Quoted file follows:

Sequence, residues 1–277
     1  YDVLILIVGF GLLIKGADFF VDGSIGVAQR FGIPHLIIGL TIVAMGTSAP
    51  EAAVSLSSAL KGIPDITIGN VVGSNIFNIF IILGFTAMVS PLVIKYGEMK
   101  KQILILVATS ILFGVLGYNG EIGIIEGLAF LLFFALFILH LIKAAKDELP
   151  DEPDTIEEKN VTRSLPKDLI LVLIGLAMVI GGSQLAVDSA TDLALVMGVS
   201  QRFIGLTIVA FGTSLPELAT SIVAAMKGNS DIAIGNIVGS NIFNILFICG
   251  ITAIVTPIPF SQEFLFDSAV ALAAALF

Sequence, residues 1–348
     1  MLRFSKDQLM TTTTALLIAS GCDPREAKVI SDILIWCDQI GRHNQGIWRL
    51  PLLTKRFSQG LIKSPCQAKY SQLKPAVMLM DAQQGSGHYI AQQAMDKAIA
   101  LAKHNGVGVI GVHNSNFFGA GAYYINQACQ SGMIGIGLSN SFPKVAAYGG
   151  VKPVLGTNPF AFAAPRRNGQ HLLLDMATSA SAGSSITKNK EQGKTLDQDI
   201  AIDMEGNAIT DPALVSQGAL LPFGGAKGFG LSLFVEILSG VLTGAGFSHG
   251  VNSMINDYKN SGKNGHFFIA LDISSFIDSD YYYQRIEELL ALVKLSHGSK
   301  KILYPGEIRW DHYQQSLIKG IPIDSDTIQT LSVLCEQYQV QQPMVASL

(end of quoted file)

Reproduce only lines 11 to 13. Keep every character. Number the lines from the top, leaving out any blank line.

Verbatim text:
   101  LAKHNGVGVI GVHNSNFFGA GAYYINQACQ SGMIGIGLSN SFPKVAAYGG
   151  VKPVLGTNPF AFAAPRRNGQ HLLLDMATSA SAGSSITKNK EQGKTLDQDI
   201  AIDMEGNAIT DPALVSQGAL LPFGGAKGFG LSLFVEILSG VLTGAGFSHG